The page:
Why The Risk-Reward Ratio Appears Unfavorable For General Electric

| About: General Electric (GE)

General Electric Company (NYSE:GE) shares are showing signs of having topped out, even as the major indexes have surged to new highs. It appears that GE and other stocks are signaling a potential market correction and an economic slowdown in the next couple of quarters. While the stock market has done an impressive job of ignoring bad news, it certainly seems ready to at least pause, if not pull back, in a correction soon. The S&P 500 Index (NYSEARCA:SPY) has surged about 15% in 2012, and it added another 9% gain in just the first three months of this year. The stock market seems due for a pullback and General Electric could be leading the way lower for a number of reasons:

1. Many investors view General Electric as a proxy for the global economy. This is because it sells its products and financial services around the world. It is also because the types of products and financial services it sells are often highly dependent on the strength of the economy. For example, it manufactures industrial products like locomotives and jet engines. It also has a significant financial services division called GE Capital.

These types of goods and services do well in a booming global economy, however, despite a recent bout of solid data in the U.S. housing market, there are significant signs of economic weakness in many parts of the world. For example, many parts of Europe are experiencing recession-like conditions and those conditions appear likely to last for awhile. China is also seeing some signs of a slowdown and the stock market in Shanghai has dropped significantly. There are also concerns that China has a real estate bubble that could burst in the future which would only add to global woes. Plus, there are also indications that the United States is about to slow down as well.

2. There has been some positive housing data in the United States, but we have seen this before in the spring, only to see it fizzle. The positive housing data is so limited in nature that it is too early to believe that it is sustainable, especially with major headwinds that only recently developed in the United States. For example, the payroll tax hike was implemented in January and that could drag consumer spending down. A budget sequester by the U.S. Government was implemented just weeks ago and the full effects of those cuts could still be trickling down. These cuts impact a wide range of industries and even involve employee layoffs. A number of major U.S. companies have recently reported disappointing earnings. This includes bellwether firms like Federal Express (NYSE:FDX), Oracle (ORCL) and Caterpillar (NYSE:CAT). Those companies are in different industries and have global exposure, just like GE. Earnings misses and weak guidance are indicating that problems could lay ahead in Q2.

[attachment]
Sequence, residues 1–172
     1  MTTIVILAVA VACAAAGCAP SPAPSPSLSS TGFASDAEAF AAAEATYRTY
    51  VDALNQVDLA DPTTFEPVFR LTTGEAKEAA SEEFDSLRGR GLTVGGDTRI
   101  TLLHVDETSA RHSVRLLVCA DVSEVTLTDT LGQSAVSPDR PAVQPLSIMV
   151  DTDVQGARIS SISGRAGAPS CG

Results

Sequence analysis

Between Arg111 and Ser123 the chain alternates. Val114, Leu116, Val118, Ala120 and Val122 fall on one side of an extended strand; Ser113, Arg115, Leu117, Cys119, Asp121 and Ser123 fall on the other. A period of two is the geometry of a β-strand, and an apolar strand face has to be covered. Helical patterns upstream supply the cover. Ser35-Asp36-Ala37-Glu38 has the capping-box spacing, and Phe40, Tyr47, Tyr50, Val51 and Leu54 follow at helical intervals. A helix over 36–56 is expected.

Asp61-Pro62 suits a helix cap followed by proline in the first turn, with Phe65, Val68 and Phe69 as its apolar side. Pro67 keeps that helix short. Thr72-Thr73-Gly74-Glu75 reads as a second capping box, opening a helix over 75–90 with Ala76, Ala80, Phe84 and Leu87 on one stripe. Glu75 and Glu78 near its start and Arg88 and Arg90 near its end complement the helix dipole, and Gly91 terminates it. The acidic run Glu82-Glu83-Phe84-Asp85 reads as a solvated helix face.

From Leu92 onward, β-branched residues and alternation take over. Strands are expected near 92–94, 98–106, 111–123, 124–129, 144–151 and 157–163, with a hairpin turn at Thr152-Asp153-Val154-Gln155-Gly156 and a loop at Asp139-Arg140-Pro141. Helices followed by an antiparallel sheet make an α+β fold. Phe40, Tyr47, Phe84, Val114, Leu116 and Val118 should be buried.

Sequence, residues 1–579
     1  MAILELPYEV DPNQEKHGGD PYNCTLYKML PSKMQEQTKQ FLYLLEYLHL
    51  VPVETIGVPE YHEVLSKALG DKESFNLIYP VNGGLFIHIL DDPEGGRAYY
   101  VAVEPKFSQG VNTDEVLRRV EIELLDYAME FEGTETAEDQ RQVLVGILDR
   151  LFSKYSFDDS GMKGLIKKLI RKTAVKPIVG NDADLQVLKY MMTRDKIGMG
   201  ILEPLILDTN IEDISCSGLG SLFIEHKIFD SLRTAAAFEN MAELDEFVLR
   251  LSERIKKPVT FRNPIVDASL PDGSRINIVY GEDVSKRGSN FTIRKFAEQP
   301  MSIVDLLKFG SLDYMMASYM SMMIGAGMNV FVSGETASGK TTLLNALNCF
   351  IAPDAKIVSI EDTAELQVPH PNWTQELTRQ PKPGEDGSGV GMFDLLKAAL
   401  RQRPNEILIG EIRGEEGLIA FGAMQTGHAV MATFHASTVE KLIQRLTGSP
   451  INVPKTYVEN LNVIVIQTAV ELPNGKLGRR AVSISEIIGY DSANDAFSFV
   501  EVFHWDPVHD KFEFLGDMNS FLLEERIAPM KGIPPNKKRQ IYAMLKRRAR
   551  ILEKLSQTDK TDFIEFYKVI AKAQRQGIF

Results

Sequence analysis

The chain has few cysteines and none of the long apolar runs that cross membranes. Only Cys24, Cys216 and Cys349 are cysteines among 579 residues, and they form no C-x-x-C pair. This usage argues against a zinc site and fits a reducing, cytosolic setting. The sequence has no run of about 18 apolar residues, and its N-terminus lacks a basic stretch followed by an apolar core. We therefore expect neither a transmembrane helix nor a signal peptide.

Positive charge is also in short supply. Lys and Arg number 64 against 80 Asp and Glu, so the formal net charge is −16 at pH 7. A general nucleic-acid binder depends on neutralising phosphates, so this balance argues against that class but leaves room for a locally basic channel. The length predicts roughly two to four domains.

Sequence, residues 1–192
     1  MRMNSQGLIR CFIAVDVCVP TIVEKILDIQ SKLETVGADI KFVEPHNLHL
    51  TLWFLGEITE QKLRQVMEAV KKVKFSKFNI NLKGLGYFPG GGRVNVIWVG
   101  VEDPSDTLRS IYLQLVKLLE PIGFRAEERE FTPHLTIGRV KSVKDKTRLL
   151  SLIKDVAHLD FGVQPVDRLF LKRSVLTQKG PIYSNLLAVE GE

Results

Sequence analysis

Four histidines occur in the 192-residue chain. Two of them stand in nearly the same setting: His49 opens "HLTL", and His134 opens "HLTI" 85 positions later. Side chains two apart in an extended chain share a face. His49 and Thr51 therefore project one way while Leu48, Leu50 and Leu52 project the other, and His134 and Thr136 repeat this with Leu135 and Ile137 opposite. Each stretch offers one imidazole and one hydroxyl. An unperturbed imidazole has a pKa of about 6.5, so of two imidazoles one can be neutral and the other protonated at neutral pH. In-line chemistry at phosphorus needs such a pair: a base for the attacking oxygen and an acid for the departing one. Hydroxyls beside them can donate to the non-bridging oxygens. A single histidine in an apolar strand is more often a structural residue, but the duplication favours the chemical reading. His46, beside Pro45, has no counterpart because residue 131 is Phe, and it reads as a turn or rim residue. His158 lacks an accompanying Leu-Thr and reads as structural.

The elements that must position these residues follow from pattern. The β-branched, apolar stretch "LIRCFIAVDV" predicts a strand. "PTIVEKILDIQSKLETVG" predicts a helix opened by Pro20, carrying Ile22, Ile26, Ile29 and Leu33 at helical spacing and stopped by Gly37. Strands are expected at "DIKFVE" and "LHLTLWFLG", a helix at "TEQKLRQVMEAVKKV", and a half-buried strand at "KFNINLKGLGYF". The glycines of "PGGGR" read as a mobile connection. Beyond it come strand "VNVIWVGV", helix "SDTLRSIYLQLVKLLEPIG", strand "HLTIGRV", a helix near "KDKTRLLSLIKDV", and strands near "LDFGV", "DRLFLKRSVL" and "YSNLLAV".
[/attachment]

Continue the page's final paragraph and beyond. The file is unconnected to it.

3. The economic problems in Europe are causing weakness in the Euro currency. It recently dropped further as a result of the banking crisis in Cyprus. In addition, Japan's Prime Minister Shinzo Abe has set forth policies that have drastically devalued the Japanese Yen. That currency has dropped by about 8%, just recently. This and the drop in the Euro could lead to reduced revenues and profits for GE because companies based in Japan and Europe are going to be more competitive as global exporters. Just look at the recent surge in Japanese equities and you can see that investors are betting on a weak Yen to help that country and hurt other global exporters. A dollar that is strong versus other major currencies like the Yen and the Euro can also result in negative foreign currency translations with cash held outside the United States. Exchange rates could become a major issue for GE in the coming quarters.

With so many negative headwinds, and with GE shares appearing to be topped-out, cautious and forward-thinking investors might want to take profits now. The upside seems limited, but the downside could be back to around $21, which is right around the 200-day moving average. Many investors like GE for the dividend which yields about 3%, however, with an annual payout of 76 cents per share, investors could lose over two years worth of dividend payments, if the stock sinks back from $23 to the 200-day moving average level of $21, which it might in a market correction. That is another reason why the risk to reward ratio appears unfavorable at this time.

Data is sourced from Yahoo Finance. No guarantees or representations are made. Please consult a financial advisor before making investments.

Disclosure: I have no positions in any stocks mentioned, and no plans to initiate any positions within the next 72 hours. I wrote this article myself, and it expresses my own opinions. I am not receiving compensation for it (other than from Seeking Alpha). I have no business relationship with any company whose stock is mentioned in this article.